professor
Reem Faraj

This professor has earned a CULPA silver nugget

Aug 2018

Reem is an incredible professor. I had no background of Arabic before taking the class, and after one semester with Reem, I can read, write and hold a basic conversation. She is understanding but expects you to put in the hard work. If you work hard in this class, you will do well. I really recommend taking this course with Reem if you are ready to put in the hours because you will learn Arabic.

May 2013

Here is a small fact: Arabic is horrifically tough. No, I don't mean, "Ugh we have 800 pages of reading but if you just skim the summaries we can get done in four hours" tough, but "Oh my god I have taken this language for 15 months straight and just now learned the word for 'bad'" tough. Your friends taking Spanish and Italian will get to study abroad using what they learned in class, and you will go to Jordan and speak MSA (because Columbia stubbornly refuses to allow dialect classes) and look weird. Do you know what the jussive case is? Do you want to know? This language is not for the faint of heart. All this being said, you're going to want Reem to be with you through the tough times. She is demanding in terms of wanting students to understand what a lifelong commitment learning Arabic is, but empathetic in that she understands that the textbook will sometimes suck, that you will cry if you end up having to conjugate the dual form on the fly, and that you've probably got four other classes to deal with in addition to this 5-credit monstrosity. This does not mean that she's going to give you an A+ for showing up for every class, but she's been flexible with letting us turn in second drafts of writing assignments, turn in homework for new grammatical concepts after we go over it in class, etc. Arabic grammar "rules" have so many exceptions that they're hardly rules at all, and Reem understands this and is perfectly happy to go over concepts multiple times, sometimes even admitting that she has trouble as a native speaker remembering all the nuances (I'm looking at you, numbers, counted nouns, and case endings). You cannot get through this class skipping work, but she understands the workload. My advice? Do all your homework (probably about 10 hours' worth) on the weekend and save the week for re-writes and reviewing. Will this amount of homework suck? Yes. Are you taking Arabic? Get used to it. My one gripe with this class is the lack of speaking, but honestly every introductory or intermediate Arabic class I've been in has been very grammar and vocab heavy, which leaves very little time to speak, so this is not a criticism of Reem's teaching style but more the nature of the beast. There's a huge base of information you need before you can even begin to properly form sentences that go beyond "I ran", "She ate", "They went to Jordan", and I'm hopeful that higher level classes will have more speaking. Perhaps my feelings toward Arabic come off as rather snarky, and this attitude is pretty prevalent among learners wherever I've been (http://arabicproblems.tumblr.com/), whether abroad or at other universities. At the end of the day, though, Arabic and Reem teach you how to learn something completely different than anything you've experienced before, and I think that's a handy skill to have throughout life. You've got to be diligent, it helps to have someone who understands that things are tough but doesn't give you an excuse to give up or slack off, and I can honestly say that my past two classes with Reem have been the best Arabic instruction I've ever received.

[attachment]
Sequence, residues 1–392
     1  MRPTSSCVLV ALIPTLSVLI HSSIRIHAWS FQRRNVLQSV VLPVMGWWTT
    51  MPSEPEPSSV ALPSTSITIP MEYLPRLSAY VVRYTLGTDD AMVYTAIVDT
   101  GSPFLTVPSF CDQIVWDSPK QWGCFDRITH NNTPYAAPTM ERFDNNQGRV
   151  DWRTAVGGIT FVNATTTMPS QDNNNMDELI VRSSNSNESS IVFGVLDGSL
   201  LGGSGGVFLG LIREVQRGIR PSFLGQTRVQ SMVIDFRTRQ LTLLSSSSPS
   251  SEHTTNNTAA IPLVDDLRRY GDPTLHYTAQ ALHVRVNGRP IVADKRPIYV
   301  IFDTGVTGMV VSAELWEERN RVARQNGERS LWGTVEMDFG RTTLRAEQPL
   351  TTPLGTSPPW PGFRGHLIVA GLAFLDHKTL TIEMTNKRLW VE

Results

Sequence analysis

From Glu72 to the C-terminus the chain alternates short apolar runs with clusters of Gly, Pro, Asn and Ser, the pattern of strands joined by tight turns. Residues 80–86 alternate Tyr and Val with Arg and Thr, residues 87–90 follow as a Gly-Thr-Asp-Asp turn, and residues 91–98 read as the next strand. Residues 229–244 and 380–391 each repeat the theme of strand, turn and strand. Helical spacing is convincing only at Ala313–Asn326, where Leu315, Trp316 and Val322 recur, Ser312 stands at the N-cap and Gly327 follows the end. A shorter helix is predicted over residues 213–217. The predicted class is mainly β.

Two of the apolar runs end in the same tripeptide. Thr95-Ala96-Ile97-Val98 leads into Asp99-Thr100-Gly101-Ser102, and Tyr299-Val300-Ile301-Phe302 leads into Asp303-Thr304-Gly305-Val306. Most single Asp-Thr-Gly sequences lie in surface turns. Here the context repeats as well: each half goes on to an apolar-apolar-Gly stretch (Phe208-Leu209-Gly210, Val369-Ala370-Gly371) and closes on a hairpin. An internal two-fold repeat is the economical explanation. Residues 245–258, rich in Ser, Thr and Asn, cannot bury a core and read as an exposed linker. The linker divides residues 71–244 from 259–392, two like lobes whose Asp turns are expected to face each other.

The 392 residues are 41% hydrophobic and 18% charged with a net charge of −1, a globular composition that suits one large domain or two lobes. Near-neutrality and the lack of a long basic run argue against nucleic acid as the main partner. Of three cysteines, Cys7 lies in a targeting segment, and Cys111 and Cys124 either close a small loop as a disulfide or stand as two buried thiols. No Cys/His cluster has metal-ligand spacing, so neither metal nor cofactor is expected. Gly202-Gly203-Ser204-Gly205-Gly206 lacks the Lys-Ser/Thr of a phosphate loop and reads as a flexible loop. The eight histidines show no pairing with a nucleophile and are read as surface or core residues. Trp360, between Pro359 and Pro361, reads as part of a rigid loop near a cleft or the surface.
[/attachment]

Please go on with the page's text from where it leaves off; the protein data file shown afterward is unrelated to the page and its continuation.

Dec 2012

I could not disagree more with the post before mine. Her class was very, very good. The syllabus is departmental, so it's very well thought out and everyone in other classes are doing the same things at the same time. However, she makes sure not to move on unless everyone understands everything. Her priority is for students to learn and really know the language, so grades definitely fall behind that. She will edit and mark every assignment handed in, even if the purpose wasn't vocabulary or grammar, she'll check for it and follow up with you about it. At one point near the end of the semester before the exam, she even took a huge chunk of a class time to go over all of the mistakes made on a writing assignment, even though they were things we "should" already know or were sort of the foundations of the language that we missed or forgot about, something I've been denied doing in other Arabic classes I've taken. Reem genuinely cares about her students, has always made herself available to me and my classmates, and makes it clear when she is free. For example, she definitely won't check her email on Saturdays and Sunday, so don't count on that, but she'll always be free otherwise. She's very personable, is great at explaining the many difficult grammar rules, and if a student doesn't understand something, she will come up with a new way to explain it. I recommend taking Arabic with her.

May 2009

Don't even think about taking this instructor if you want to learn Arabic. Inconsistent, permits regular use of dialect including her own. Dialect is really wonderful when learning how to understand this magnificent, beautiful language, but the standard for all other Arabic professors, and the Department, is MSA (modern standard arabic). She favors certain students (regardless of how hard anyone works) and lets some do homework in class, and ignores others altogether. Don't expect her to be too available for you. You'll find yourself relying solely on the book, a tutor, other Arabic speaking-- or learning-- friends, the grace of the heavens or some other spiritual source, or all of the above. When it comes to Arabic, you will need all the things she is not. One good thing - if she likes you, she'll let you do anything you want.